S. Baring-Gould—The Village Pulpit, Volume II. Trinity to Advent

Evil Thoughts.
19th Sunday after Trinity. S. Matt. ix. 4. "Wherefore think ye evil in your hearts?" INTRODUCTION.--Thoughts are only thoughts! who is to beheld accountable for them? They are clouds blown about by fancy, taking various shapes. God is not so hard as to judge us for our thoughts; He will try us by what we have done, not by what we have dreamed. No garden is without weeds; there are tares in every cornfield. Who speak thus? Is it those who are conscientious and scrupulous to drive away evil thoughts?
S. Baring-Gould—The Village Pulpit, Volume II. Trinity to Advent

Civilized Barbarism (Preached for the Bishop of London's Fund, at St. John's Church, Notting Hill, June 1866. )
ST. MATTHEW ix. 12. They that be whole need not a physician, but they that are sick. I have been honoured by an invitation to preach on behalf of the Bishop of London's Fund for providing for the spiritual wants of this metropolis. By the bishop, and a large number of landowners, employers of labour, and others who were aware of the increasing heathendom of the richest and happiest city of the world, it was agreed that, if possible, a million sterling should be raised during the next ten years,
Charles Kingsley—The Water of Life and Other Sermons

The Physician's Calling (Preached at Whitehall for St. George's Hospital. )
ST. MATTHEW ix. 35. And Jesus went about all the cities and villages, teaching in their synagogues, and preaching the gospel of the kingdom, and healing every sickness and every disease among the people. The Gospels speak of disease and death in a very simple and human tone. They regard them in theory, as all are forced to regard them in fact, as sore and sad evils. The Gospels never speak of disease or death as necessities; never as the will of God. It is Satan, not God, who binds the woman with
Charles Kingsley—The Water of Life and Other Sermons

Of the Words Themselves in General.
We come now to the words themselves, wherein Christ asserts that he is, 1, "the way;" 2, "the truth;" 3, "the life;" and, 4, "that no man cometh to the Father but by him." In them we learn these two things in general. First, The misery of wretched man by nature. This cannot be in a few words expressed. These words will point out those particulars thereof, which we will but mention. 1. That he is born an enemy to, and living at a distance from God, by virtue of the curse of the broken covenant of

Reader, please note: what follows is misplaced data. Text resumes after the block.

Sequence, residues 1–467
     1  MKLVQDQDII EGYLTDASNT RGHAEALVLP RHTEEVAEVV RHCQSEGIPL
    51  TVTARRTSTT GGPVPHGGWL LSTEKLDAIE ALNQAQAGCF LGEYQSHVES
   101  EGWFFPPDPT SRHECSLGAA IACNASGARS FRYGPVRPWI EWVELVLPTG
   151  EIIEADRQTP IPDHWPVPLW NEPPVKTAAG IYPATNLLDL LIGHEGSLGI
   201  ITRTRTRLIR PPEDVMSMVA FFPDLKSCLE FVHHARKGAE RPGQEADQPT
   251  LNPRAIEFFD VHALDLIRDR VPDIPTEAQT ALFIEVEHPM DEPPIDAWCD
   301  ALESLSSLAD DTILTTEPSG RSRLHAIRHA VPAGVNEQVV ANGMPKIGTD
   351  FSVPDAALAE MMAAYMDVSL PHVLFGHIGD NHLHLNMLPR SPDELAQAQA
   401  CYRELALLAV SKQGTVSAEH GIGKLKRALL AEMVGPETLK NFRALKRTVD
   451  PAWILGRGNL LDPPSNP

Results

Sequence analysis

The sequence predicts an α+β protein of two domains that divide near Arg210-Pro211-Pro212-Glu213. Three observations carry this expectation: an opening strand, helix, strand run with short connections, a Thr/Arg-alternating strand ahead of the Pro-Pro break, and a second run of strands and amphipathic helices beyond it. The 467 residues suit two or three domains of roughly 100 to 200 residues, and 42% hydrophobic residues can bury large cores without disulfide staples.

John Brown (of Wamphray)—Christ The Way, The Truth, and The Life

IF NOT GOD--NOT GOOD BY I. M. HALDEMAN, D.D. "Why callest thou me good? there is none good but one, that is God" (Matthew 9:17). THE world has accepted Jesus Christ as a good man. The evidences of his goodness are manifold. He was full of compassion. He never looked upon the people as a crowd. He never thought of them as a mass. He saw them always as individuals. His heart went out to them. All his impulses were to pity them, sympathize with, and help them. He went among them. He entered into
I. M. Haldeman—Christ, Christianity and the Bible

Concerted Prayer
"A tourist, in climbing an Alpine summit, finds himself tied by a strong rope to his trusty guide, and to three of his fellow-tourists. As they skirt a perilous precipice he cannot pray, Lord, hold up my goings in a safe path, that my footsteps slip not, but as to my guide and companions, they must look out for themselves.' The only proper prayer in such a case is, Lord, hold up our goings in a safe path; for if one slips all of us may perish.'"--H. Clay Trumbull The pious Quesnel says that "God
Edward M. Bounds—The Essentials of Prayer

Combination Illustrated.
To illustrate our method of combination, let us take Section 36, which is a fitting together of the following passages, namely: 9 And as Jesus passed by from thence, he saw a man, called Matthew, sitting at the place of toll: and he saith unto him, Follow me. And he arose, and followed him.--Matt. ix. 9. 13 And he went forth again by the sea side; and all the multitude resorted unto him, and he taught them. 14 And as he passed by, he saw Levi the son of Alphæus sitting at the place of toll,
J. W. McGarvey—The Four-Fold Gospel

The Call of Matthew.
(at or Near Capernaum.) ^A Matt. IX. 9; ^B Mark II. 13, 14; ^C Luke V. 27, 28. ^c 27 And after these thingsa [after the healing of the paralytic] he went forth, ^a again by the seaside [i. e., he left Capernaum, and sought the shore of the sea, which formed a convenient auditorium for him, and which was hence a favorite scene for his teaching]; and all the multitude resorted unto him, and he taught them. 14 And as he ^a Jesus passed by from thence, he saw ^c and beheld ^a a man, ^c a publican, named